The country’s drug agencies warned that marijuana (cannabis) is still outlawed in the Philippines even if a United Nations (UN) body recently reclassified it as a less dangerous drug.
In a joint statement, the Dangerous Drugs Board (DDB) and the Philippine Drug Enforcement Agency (PDEA) said the government still has the jurisdiction relative “to classifying and regulating” cannabis at the domestic level.
“As previously stated by the DDB, the decision will have no immediate impact in terms of drug control,” they said.
“The unauthorized importation, sale, possession, cultivation, and use of cannabis remain to be punishable under the law,” they said.
Last week, the United Nations Commission on Narcotic Drugs (UN-CND) removed marijuana from Schedule IV of the 1961 Single Convention on Narcotic Drugs, a list of the world’s most dangerous drugs.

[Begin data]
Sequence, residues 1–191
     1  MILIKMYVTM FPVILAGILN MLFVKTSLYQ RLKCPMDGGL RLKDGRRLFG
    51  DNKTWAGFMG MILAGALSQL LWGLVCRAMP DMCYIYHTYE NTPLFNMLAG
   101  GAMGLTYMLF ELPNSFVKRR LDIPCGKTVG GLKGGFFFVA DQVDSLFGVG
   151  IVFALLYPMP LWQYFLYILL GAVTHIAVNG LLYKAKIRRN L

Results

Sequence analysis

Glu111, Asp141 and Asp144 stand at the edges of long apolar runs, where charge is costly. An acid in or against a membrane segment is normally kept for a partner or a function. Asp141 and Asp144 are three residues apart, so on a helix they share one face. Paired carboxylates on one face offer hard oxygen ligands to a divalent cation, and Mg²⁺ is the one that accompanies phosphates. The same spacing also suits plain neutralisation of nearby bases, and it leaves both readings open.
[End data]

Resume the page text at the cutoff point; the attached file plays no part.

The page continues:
Despite its removal from Schedule IV of the international drug control convention, PDEA and DDB said marijuana remains to be a dangerous drug under Schedule I.
“The Convention limits exclusively to medical and scientific purposes the production, manufacture, export, import, distribution of, trade-in, use, and possession of Schedule I substances,” they said.
Also, the medical preparations or products with cannabis, however, still need to acquire and comply with the regulatory control requirements from PDEA, Food and Drug Administration (FDA), and other government agencies.
The two agencies also said cannabis is still classified as a dangerous drug under Republic Act No. 9165 or the Comprehensive Dangerous Drugs Act of 2002. SOVEREIGNPH